I can tell Brandon's health is improving. He rarely has headaches or stomach pains. His rashes have improved. His ability to pay attention has increased. But the biggest encouragement lies in the fact that he's verbalizing his pain.
When we first left the house, Brandon seemed unmoved by our losses. He struggled with self-control and cried easily, but overall, he went with the flow. He was 7 years old, after all. I remember searching for safe housing in Arizona. It was a stressful, difficult process. Yet there was Brandon, playing football with an empty water bottle in a hotel parking lot. Whenever we stumbled upon a park he'd be the first one out of the car. Anything new excited him.
He even adapted to our food changes and rarely complained. He found a way to make a fun snack with just about anything, including raw goat milk kefir and flax crackers. He said, "It tastes like cereal."
Last week Brandon got into trouble and was sent to his room. I don't remember the issue, but I remember sitting down with him on his makeshift bed (a cot with a Spiderman cover).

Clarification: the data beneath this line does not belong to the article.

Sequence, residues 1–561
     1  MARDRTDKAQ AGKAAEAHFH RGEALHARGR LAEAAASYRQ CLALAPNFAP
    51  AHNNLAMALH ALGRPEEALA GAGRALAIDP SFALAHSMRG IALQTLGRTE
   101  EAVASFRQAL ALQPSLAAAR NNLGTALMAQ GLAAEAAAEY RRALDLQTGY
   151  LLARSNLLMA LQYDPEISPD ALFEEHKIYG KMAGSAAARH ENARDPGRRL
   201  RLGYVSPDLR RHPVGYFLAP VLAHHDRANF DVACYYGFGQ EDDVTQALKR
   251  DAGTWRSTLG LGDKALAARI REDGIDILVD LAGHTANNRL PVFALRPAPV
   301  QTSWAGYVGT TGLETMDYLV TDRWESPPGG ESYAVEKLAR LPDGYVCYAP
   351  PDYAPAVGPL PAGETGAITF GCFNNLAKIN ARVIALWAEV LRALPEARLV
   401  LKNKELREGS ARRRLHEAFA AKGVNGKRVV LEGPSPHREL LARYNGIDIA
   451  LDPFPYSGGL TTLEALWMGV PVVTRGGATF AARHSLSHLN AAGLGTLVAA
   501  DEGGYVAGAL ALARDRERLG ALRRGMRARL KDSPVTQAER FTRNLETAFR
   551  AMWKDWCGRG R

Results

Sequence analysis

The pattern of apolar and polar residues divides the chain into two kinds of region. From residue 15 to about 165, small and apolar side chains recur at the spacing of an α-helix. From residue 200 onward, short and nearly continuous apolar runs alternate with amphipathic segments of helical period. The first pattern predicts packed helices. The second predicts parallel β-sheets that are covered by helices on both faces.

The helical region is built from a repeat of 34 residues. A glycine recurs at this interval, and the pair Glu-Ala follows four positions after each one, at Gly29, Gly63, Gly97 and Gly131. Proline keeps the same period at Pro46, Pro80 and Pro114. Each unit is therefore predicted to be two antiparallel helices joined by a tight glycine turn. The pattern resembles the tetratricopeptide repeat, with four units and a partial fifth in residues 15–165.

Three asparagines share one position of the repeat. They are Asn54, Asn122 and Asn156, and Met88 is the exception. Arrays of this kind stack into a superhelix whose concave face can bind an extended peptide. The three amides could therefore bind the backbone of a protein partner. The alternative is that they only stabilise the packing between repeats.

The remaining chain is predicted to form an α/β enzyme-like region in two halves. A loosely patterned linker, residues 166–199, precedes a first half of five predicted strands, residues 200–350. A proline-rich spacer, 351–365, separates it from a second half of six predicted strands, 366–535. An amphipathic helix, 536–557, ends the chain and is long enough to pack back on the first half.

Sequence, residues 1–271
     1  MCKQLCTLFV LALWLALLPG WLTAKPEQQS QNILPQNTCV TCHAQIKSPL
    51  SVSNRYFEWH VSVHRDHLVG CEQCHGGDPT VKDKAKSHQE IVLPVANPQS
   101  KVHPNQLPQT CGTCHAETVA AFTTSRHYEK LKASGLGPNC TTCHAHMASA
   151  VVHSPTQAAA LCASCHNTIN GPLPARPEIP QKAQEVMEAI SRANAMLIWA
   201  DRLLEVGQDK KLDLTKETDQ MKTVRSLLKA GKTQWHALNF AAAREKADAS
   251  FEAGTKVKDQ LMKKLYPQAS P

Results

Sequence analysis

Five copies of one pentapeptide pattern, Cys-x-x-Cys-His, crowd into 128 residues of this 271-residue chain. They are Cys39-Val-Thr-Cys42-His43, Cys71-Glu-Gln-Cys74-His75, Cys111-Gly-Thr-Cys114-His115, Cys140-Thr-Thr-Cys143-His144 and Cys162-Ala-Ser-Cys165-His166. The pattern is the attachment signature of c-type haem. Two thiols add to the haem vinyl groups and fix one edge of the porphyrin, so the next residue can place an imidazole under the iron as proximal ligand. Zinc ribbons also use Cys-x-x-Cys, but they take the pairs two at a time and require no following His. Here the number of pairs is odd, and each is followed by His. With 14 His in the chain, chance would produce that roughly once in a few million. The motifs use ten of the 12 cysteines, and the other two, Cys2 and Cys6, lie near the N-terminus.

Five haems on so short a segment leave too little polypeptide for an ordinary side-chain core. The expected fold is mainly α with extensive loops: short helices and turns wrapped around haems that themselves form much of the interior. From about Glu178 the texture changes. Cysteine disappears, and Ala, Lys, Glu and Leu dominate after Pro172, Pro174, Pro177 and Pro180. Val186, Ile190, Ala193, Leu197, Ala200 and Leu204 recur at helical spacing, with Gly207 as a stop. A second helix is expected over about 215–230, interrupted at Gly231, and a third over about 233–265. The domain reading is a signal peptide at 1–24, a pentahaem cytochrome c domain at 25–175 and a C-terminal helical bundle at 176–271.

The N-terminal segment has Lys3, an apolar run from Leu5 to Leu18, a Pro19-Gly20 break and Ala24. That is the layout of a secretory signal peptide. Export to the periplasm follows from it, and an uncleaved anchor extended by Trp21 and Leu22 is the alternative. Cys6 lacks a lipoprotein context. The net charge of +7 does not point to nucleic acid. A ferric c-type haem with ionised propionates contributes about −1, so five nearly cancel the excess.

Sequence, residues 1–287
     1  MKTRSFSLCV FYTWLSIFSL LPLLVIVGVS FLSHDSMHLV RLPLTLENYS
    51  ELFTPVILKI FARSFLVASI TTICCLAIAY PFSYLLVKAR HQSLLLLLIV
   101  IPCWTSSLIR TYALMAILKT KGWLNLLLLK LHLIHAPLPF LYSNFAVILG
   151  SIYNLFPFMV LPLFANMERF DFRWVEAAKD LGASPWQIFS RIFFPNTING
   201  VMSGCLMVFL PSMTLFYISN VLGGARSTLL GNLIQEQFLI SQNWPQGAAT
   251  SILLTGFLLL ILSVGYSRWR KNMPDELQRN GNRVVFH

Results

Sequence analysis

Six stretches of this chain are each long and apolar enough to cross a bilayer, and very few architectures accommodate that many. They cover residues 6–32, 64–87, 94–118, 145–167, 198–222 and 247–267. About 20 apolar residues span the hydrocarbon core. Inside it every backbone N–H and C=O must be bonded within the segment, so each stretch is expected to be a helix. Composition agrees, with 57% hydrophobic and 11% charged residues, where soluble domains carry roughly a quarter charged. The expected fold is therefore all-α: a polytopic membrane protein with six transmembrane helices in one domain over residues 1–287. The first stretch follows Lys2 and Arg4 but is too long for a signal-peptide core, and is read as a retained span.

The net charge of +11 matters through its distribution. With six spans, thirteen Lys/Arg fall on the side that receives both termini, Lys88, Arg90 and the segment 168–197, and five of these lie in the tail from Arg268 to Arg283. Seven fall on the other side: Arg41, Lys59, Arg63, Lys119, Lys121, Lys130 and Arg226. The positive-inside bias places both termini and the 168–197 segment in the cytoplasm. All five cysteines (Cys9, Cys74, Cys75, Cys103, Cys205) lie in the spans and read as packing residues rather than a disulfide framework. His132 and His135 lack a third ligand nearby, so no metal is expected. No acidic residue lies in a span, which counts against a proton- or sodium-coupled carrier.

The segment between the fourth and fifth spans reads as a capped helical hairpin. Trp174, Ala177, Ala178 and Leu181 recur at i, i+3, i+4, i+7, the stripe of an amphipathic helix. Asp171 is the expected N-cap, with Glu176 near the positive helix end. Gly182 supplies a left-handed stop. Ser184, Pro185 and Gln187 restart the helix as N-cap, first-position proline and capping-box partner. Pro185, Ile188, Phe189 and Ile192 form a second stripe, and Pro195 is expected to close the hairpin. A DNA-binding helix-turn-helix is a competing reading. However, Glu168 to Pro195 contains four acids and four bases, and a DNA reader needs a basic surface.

He began to cry.
For the first time since we left our home, Brandon put words to his tears. "I hate it that we had to leave our house. I hate it that we had to leave all our stuff. I hate it that I had to leave my friends. I hate it that we can't eat normal food. I hate it, Mom."
And then there were no more words. Just tears.
"I hate this part of being a mother," I thought. And I held him and let him cry.
It didn't last long. As quickly as it came, Brandon's storm passed and he went back to his table football game with his brother.
I sighed, wishing I could fix his life. Wishing my children were exempt from pain. Knowing that healing looks messy sometimes.
Reminded that healing is much like life itself. A glorious, messy journey filled with pain, heartache, and hope.